The incidence of CRPS type 1 in the general population is reported by Sandroni and associates5 to be 5.46 persons/100,000 with period prevalence (1989-1999) of 20.57/100,000. Women are affected 4 times more often than men. Approximately three-fourths of CRPS type 1 cases in the community resolve spontaneously, while pain clinics address refractory CRPS. In another study, however, the incidence was recorded to be 4 times higher than the one reported by Sandroni and colleagues.6



There is no gold standard for diagnosing CRPS type 1. However, it is the examining physician's responsibility to obtain as much objective evidence as possible and make sure other conditions are excluded (Figures 5 through 7). 

The cornerstone of diagnosis lies with a detailed history and a thorough physical examination. Given the overdiagnosis of CRPS type 1 by the generous 1994 IASP criteria (which are often applied without excluding other disorders that can imitate CRPS),1 we strongly recommend the stricter criteria proposed by Harden and Bruehl,2 even if they have not been formally adopted yet by the IASP. The accompanying Table can serve to tabulate self reported symptoms (by the patient) and document signs observed by the clinician at the time of consultation. Harden and Bruehl outlined for the interested reader the clinical application of the newly proposed criteria and the most recent concepts about CRPS subtypes. 

Figure 5 Patients often are referred for having complex regional pain syndrome (CRPS) type 1 but prove to have another condition. A CRPS 1–like presentation resulting from complete immobility and limb dependency secondary to "fear of movement" in the presence of widespread hypoesthesia is shown (note that hyperesthesia is expected in CRPS). Intense mobilization and range of movement resulted in a dramatic reduction of swelling and discoloration.



Figure 6 A CRPS 1–like presentation is shown (A). Note the ligature sign at the elbow in a patient with a factitious disorder (B).

In regards to common diagnostic tests available to the practicing clinician, the following should be noted:

• Although the 3-phase bone scan historically has been regarded as important in support of the diagnosis of CRPS types 1 and 2, several studies have cast doubts as to its veracity. It is recommended that a bone scan consistent with CRPS (typical periarticular uptake in the delayed phase) not be considered equivalent to having the syndrome, because such scans have been observed after sympathectomy, in abnormal weight-bearing use of an extremity, in completely asymptomatic persons, or even in factitious disorders.7

Clinical judgment is necessary to make the connection between the scan and the diagnosis. The absence of such a bone scan in our view does not exclude the entity, particularly months after the onset. Similarly, in our view, a positive bone scan result does not confirm the disorder unless it corroborates appropriate symptoms and signs as discussed above.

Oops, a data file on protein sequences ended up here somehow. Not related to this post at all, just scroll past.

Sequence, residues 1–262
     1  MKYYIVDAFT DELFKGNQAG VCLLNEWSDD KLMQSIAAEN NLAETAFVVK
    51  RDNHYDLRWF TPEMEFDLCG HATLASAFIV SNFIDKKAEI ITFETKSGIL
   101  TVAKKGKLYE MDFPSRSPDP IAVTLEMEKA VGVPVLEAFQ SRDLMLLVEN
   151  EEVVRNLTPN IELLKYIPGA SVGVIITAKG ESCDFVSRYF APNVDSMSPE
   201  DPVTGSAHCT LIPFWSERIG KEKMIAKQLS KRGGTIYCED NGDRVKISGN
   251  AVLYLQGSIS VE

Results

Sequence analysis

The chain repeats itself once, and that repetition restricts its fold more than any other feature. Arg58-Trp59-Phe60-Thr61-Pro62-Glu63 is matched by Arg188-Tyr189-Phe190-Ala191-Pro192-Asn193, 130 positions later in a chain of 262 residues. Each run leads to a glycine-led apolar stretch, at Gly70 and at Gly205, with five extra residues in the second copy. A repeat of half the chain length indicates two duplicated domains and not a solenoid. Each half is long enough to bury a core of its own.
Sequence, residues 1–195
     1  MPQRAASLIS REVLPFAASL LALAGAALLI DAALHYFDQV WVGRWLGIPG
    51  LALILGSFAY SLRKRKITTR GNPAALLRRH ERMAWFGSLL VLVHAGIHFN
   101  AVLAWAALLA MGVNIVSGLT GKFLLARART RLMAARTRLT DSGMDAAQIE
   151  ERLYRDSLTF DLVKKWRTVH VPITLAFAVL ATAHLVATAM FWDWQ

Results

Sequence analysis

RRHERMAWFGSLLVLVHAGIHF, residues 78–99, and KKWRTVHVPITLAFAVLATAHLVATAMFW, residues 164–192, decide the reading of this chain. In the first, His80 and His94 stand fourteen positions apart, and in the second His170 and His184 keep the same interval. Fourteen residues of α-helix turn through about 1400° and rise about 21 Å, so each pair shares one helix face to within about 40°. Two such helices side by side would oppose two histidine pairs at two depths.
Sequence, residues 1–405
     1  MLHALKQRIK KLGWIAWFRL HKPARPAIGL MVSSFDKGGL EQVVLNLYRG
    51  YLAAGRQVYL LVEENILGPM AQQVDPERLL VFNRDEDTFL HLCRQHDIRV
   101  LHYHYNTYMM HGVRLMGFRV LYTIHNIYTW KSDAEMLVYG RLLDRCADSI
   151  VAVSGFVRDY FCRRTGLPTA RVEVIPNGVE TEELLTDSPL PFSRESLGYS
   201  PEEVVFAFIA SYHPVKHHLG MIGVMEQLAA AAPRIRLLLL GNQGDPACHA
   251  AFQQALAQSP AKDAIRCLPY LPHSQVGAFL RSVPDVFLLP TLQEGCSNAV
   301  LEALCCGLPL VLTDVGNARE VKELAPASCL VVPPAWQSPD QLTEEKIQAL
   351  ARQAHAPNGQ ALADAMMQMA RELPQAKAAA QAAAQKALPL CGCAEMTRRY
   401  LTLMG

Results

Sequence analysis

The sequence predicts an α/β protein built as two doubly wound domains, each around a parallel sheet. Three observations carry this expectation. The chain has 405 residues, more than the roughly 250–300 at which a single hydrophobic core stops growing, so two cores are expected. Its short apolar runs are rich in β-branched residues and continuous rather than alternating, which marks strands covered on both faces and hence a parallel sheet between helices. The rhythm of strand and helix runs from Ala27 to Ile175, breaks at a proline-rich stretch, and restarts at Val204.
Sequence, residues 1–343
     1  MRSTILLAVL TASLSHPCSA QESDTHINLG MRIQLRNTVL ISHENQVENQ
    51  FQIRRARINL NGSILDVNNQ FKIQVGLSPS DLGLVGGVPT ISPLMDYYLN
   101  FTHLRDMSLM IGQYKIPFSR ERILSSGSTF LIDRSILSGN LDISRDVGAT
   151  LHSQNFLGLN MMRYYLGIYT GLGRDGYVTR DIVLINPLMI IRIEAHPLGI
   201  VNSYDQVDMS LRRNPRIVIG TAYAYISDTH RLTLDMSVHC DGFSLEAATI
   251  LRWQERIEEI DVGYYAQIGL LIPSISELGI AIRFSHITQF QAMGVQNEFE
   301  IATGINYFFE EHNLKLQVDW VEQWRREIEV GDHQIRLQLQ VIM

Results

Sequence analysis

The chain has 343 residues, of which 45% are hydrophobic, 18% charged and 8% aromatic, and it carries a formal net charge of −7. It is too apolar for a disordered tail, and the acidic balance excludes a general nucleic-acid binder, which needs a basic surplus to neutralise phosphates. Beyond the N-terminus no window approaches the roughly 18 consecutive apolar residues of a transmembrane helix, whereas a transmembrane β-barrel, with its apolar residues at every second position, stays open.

• Sympathetic blocks have shifted from a "diagnostic" test to a therapeutic procedure that can enhance and facilitate uncomfortable physical therapy. The concept of "sympathetically maintained pain" has lost its previous significance as CRPS-related mechanisms may shift and change over time. The response to sympathetic blocks should not be used to make the diagnosis.8

• Osteopenia seen in a plain x-ray film could be the result of intense immobilization alone. However, rapid onset of significant osteopenia after a trivial injury in the presence of serious pain and other signs and symptoms, such as those listed in the Table, should at least alert the physician to the syndrome as a part of the differential diagnosis.

• Electromyographic and nerve conduction studies can rarely be tolerated in the presence of allodynia and hyperalgesia, and results are negative in CRPS 1. Their value lies only in confirmation of CRPS 2.

• MRI of the involved limb may show bone marrow signal changes; thermography does demonstrate temperature differentials between the involved and uninvolved limbs.

All the tests reported here serve as adjuncts to the diagnosis of CRPS 1. In our opinion, however, they cannot replace the important triad of (1) history, (2) objective documentation of abnormalities, and (3) exclusion of other disorders (disease imitators).

Figure 7A patient was referred for having bilateral complex regional pain syndrome type 1 of spontaneous origin after an acute onset of bilateral leg lesions, severe allodynia, and swelling. Skin biopsy results revealed Degos disease, a rare autoimmune disease associated with peripheral skin lesions and small-fiber neuropathy.


A series of recent articles on the nature and management of CRPS unanimously concluded that "functional restoration is the necessary and often sufficient condition "to restore health; other treatments serve primarily to facilitate this.2 We consider that CRPS type 2 is easier to diagnose, given the presence of overt nerve injury that can be documented electrophysiologically or during surgical exploration. CRPS type 1 seems, however, to be surrounded by controversy.

On the basis of the most recent concept that CRPS in general is a multifaceted disorder, its care must indeed be multidimensional.4 Mobilization of the involved limb as early as possible is the cornerstone of treatment to avoid permanent changes in the peripheral nervous system and CNS. This should include range of movement and stress-loading techniques. At the same time, pain control (oral and via sympathetic blocks, if the patient responds to them) is of paramount importance to allow for mobilization.2